And you probably don't even know it's happening
5 Ways Facebook Costs You Money
by Kristine Kostuck
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Staying in for the evening can be an excellent way to save money, but your hours in front of your computer may be leaving you with an empty pocket book.
The New York Times reports that the average social media user spends about 50 minutes of their day on Facebook. That is nearly an hour spent scrolling through ads, sponsored content, and photos of your friends.
Aside from the constant stream of ads, Facebook creates other tempting ways to spend your money. Here are five things to keep in mind when using Facebook that will keep you from overspending.
1. Social Pressure and Suggestion
Facebook users often share the best parts of their life. When we are constantly bombarded by vacation photos, new cars and dream weddings, it is impossible not to feel a hint of envy. Jealousy has been scientifically proven to affect Facebook users, and research conducted at Midwestern University couldn't illustrate this better. The study showed that out of a group of 736 college students, 70% of them said that they feel inadequate after looking on Facebook, and that feeling is often taken a step further by users when they try to compete with the unrealistic expectations social media creates. The American Institute of Certified Public Accounts reported almost 40% of American adults with social media accounts said that seeing other people's purchases and vacations online prompted them to make similar purchases. Furthermore, this number only reflects the people that realize they are doing this.
2. Time is Money
People always underestimate the power of time management. CNN revealed that teens observe media for a whopping nine hours of their day. Even though Facebook only takes up an hour of that time, it is still one sixteenth of the average waking time. This takes away from making more money or improving well-being to function higher when making money. Monitoring your time online could open space for positive opportunities to improve your life.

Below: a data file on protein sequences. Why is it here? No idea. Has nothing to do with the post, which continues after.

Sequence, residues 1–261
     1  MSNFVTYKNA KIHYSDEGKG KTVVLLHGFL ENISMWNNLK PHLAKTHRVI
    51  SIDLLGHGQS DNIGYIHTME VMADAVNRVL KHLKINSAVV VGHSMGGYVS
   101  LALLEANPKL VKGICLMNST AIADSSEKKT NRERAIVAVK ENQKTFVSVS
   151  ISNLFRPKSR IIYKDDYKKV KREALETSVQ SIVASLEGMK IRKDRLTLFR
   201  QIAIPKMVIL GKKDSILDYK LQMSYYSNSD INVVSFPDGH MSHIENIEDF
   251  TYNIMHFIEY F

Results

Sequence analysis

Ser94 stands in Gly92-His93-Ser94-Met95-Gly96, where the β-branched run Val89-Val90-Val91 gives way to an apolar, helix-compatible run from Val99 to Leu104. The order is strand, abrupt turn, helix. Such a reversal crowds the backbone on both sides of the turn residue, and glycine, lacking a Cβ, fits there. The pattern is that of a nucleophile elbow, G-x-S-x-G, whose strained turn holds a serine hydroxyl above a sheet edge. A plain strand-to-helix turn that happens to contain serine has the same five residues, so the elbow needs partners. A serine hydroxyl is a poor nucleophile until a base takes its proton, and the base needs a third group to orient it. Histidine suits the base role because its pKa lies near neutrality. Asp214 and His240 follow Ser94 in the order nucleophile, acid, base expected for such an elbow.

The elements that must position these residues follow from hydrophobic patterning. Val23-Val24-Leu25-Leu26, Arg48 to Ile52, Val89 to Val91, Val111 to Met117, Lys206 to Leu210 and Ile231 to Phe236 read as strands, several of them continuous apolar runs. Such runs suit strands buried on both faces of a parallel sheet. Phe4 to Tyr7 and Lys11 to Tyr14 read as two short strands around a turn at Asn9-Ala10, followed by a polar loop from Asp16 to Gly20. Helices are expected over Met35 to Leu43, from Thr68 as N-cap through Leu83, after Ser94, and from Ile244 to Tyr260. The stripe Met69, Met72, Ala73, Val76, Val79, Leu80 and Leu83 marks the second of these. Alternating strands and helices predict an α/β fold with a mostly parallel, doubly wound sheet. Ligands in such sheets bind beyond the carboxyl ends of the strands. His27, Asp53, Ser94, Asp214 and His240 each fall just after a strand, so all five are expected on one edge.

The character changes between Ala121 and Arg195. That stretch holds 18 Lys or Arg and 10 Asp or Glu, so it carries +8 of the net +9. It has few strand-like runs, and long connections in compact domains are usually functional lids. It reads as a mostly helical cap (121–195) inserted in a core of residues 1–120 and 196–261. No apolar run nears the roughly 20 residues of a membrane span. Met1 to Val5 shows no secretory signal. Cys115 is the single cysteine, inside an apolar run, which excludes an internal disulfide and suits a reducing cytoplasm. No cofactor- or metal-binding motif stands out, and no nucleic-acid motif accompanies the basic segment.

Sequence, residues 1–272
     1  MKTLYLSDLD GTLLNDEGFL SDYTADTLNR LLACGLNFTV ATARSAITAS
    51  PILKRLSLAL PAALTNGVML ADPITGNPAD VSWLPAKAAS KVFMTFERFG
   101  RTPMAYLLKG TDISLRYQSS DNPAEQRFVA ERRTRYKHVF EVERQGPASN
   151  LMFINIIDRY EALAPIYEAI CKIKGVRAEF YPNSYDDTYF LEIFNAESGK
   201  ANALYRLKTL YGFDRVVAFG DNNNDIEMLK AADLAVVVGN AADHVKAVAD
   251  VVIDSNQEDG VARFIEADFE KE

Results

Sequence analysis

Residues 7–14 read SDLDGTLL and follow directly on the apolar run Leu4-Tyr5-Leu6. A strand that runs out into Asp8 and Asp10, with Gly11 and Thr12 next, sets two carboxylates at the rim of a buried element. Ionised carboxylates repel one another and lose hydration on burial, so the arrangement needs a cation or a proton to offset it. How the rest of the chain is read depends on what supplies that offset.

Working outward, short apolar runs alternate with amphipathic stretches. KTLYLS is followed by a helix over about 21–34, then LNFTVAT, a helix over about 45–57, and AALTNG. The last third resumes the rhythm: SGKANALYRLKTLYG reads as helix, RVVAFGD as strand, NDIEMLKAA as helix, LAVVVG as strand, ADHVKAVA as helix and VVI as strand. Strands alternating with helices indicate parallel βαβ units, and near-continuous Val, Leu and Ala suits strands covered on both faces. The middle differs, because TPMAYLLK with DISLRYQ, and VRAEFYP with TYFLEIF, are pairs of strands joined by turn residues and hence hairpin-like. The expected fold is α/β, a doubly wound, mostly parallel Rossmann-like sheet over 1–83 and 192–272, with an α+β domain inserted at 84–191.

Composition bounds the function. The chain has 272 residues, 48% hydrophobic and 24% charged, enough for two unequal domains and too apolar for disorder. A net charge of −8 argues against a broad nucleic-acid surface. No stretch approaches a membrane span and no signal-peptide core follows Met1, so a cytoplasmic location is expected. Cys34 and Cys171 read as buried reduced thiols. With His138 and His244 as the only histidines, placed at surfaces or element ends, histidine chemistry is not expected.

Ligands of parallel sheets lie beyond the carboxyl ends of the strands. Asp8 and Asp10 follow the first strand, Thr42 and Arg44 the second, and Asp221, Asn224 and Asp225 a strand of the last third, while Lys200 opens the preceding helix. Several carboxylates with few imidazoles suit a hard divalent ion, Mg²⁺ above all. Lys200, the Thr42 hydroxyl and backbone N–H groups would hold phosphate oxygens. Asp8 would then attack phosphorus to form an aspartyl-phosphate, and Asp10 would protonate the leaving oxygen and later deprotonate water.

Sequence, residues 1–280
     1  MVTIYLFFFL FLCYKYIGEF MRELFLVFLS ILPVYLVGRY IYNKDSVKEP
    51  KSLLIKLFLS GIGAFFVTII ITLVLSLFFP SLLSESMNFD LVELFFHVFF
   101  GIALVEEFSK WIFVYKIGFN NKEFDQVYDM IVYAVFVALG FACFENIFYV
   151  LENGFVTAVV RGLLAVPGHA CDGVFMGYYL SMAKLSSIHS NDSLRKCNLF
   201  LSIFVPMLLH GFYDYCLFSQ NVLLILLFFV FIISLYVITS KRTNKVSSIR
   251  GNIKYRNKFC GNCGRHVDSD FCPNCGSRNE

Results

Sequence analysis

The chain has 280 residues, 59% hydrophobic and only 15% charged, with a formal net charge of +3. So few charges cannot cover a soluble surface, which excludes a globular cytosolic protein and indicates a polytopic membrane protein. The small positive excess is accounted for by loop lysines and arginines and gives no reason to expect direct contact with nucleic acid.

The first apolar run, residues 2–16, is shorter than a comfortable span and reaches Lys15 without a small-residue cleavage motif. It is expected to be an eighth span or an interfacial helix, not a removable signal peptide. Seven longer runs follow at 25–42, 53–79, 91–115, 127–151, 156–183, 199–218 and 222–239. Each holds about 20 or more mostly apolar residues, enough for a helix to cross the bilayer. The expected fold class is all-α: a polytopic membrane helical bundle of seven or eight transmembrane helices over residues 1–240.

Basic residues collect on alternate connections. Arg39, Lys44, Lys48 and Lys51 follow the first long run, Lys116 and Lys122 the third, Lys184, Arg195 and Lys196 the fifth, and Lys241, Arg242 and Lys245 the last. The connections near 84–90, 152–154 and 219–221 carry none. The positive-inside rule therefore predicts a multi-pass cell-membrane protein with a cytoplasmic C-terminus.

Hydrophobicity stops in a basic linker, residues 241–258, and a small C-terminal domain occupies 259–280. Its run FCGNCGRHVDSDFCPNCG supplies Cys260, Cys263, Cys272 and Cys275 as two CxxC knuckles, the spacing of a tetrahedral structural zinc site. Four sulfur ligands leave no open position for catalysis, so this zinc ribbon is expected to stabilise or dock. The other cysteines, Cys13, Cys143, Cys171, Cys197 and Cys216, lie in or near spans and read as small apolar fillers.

If you are trying to figure out what to cook for supper or what to give your friend for their birthday, you can bet that there is a solution somewhere in your newsfeed. People share everything from DIY projects, recipes, and tips to help your appearance. Although Pinterest has been credited for being the worst social media site for overspending on DIY ventures, RichRelevance, an e-commerce consultant, says Facebook users spend quite a bit too. The company tracked 700 million shopping sessions by social media consumers, and Facebook users spent about $95 per session compared to $168.83 that Pinterest users spent. Being conscious of spending habits along with being realistic with time could prevent you from overspending after that initial like on a post.
4. Hand-Held Expense
Sometimes it isn't the sites we visit, but how we get there that is causing us to overspend. About 64% of the U.S. population owns a smartphone. That number continues to grow, but just owning a smart device never seems to satisfy our media appetite. Most smartphone users upgrade their phone every year to obtain a faster one. According to new data from Ofcom Technology Tracker, smartphones are now the most important internet-connected device for many people. Consumers see their phones as such an important necessity that they are willing to spend more money on them. Next time you are due for an upgrade, try to think about why you need more storage or a faster phone. You may come to the realization that Facebook is weighing your decision more than you think.
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5. Company Following and Parties
Many people follow companies or brands online because they think they are saving a quick buck. Followers hear about new products, sales, and access to coupons. These are all great things if you have the intention of buying the product anyway, but constantly having something you enjoy in your face every time you open Facebook makes buying the latest thing hard to resist. To avoid this, hide the company you like from your newsfeed and only visit their page when you need the company's product next.
Even if you do not follow companies or brands online, you somehow can't completely eliminate the expectation to buy. Direct sale party invites and posts can obnoxiously continue for weeks. The best way to avoid an obligation trap is to unfollow the group as soon as you know you are not interested in the product or block the company all together.
Although the temptation is always there when we use social media, being conscious of your feelings, time, and true desires can save you from impulse buying next time you scroll through your newsfeed.
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